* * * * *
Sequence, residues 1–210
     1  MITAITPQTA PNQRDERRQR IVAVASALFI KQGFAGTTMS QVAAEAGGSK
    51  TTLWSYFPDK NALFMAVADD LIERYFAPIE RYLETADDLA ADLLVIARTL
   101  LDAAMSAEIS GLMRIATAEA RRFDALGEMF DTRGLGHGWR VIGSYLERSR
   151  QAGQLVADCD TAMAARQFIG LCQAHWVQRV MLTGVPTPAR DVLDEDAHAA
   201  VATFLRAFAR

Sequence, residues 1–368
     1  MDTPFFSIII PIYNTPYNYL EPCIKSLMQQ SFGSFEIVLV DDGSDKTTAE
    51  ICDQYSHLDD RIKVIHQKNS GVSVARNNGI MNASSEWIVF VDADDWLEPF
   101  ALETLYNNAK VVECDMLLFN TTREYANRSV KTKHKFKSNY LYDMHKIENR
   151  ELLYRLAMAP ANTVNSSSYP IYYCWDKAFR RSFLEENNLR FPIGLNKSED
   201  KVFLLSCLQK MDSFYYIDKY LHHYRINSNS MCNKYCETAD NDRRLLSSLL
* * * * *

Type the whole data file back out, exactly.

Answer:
Sequence, residues 1–210
     1  MITAITPQTA PNQRDERRQR IVAVASALFI KQGFAGTTMS QVAAEAGGSK
    51  TTLWSYFPDK NALFMAVADD LIERYFAPIE RYLETADDLA ADLLVIARTL
   101  LDAAMSAEIS GLMRIATAEA RRFDALGEMF DTRGLGHGWR VIGSYLERSR
   151  QAGQLVADCD TAMAARQFIG LCQAHWVQRV MLTGVPTPAR DVLDEDAHAA
   201  VATFLRAFAR

Sequence, residues 1–368
     1  MDTPFFSIII PIYNTPYNYL EPCIKSLMQQ SFGSFEIVLV DDGSDKTTAE
    51  ICDQYSHLDD RIKVIHQKNS GVSVARNNGI MNASSEWIVF VDADDWLEPF
   101  ALETLYNNAK VVECDMLLFN TTREYANRSV KTKHKFKSNY LYDMHKIENR
   151  ELLYRLAMAP ANTVNSSSYP IYYCWDKAFR RSFLEENNLR FPIGLNKSED
   201  KVFLLSCLQK MDSFYYIDKY LHHYRINSNS MCNKYCETAD NDRRLLSSLL